Likewise, the two four-manual E. Skinner instruments — at the Church of the Ascension and St. Workshops have also been held on modern and avant-garde playing techniques e.
The evolution of organ music in the 17th century; a study of European styles. - Free Online Library
A requirement for all undergraduate organ majors, and recommended for all members of the department, the Organ Maintenance course covers all aspects of pipe organ construction, as well as tuning and general maintenance. Keyboard Continuo Realization is a two-semester course taught by Edoardo Bellotti. The course focuses mainly on realization at the harpsichord in order to give those less familiar with the harpsichord than with the organ an opportunity to become well-acquainted with basic harpsichord technique, to learn more about the instrument, and — above all — to become skilled at making a good sound.
From time to time the class will visit the organ, however, and also occasionally the clavichord. The organ was, especially in the seventeenth century, every bit as important as the harpsichord as a continuo instrument, and the clavichord has an interesting, if somewhat obscure, history of use as an accompanimental instrument as well.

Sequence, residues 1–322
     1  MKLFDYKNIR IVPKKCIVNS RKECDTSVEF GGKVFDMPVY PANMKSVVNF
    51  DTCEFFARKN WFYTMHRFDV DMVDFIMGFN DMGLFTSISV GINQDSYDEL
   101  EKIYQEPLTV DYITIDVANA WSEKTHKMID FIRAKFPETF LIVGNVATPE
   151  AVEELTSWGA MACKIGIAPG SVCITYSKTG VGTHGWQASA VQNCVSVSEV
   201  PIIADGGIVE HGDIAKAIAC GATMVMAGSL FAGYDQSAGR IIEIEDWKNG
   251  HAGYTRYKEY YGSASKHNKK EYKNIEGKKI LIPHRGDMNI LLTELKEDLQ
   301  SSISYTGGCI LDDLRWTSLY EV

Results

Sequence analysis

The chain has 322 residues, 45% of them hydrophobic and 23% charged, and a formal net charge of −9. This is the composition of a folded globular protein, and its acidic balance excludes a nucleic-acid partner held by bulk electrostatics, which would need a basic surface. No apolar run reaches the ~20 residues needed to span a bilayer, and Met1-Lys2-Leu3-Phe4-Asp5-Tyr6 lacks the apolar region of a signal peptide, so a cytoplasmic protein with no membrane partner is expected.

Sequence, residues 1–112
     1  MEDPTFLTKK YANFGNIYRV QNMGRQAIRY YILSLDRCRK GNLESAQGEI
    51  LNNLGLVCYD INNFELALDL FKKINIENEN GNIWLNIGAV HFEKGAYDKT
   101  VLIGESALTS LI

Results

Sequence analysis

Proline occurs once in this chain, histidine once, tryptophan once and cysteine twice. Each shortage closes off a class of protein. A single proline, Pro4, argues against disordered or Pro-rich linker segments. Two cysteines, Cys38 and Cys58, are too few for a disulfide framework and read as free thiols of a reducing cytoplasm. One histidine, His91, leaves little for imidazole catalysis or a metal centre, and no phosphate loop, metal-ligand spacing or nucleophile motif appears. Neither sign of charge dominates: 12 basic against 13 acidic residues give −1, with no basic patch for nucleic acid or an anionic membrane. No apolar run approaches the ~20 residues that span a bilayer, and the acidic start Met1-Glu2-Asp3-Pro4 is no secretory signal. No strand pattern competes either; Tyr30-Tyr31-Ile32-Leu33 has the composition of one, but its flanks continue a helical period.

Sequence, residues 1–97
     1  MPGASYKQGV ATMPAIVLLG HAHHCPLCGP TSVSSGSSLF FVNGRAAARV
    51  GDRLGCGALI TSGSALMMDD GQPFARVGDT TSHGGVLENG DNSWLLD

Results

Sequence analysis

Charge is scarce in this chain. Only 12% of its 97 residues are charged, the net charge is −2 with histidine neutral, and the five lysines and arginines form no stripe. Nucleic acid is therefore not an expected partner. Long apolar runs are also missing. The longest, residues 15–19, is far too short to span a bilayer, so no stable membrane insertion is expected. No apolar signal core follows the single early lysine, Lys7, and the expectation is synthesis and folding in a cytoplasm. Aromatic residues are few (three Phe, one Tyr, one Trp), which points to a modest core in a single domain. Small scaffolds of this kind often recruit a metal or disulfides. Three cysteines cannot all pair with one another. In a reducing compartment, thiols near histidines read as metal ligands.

Students are required to practice their exercises every day, and to play them in class.
Once one has gained fluency in realizing the exercises, the goal is to play them again and again so that one internalizes, by the coordination of sight, sound, and the feeling in the hand, the movement of bass and harmony. This, and this alone, will build skill in realizing a figured bass at sight; it will also reinforce inner hearing. Practice at the harpsichord, rather than at the piano or even the organ, is strongly encouraged. Just as the harpsichord is not a substitute for the piano, so the piano is not a substitute for the harpsichord. The first semester course focuses on helping the student become proficient in realizing the basic figures, following the development of continuo during 17 th — 18 th century, with a particular attention to the relationship between thorough bass and counterpoint.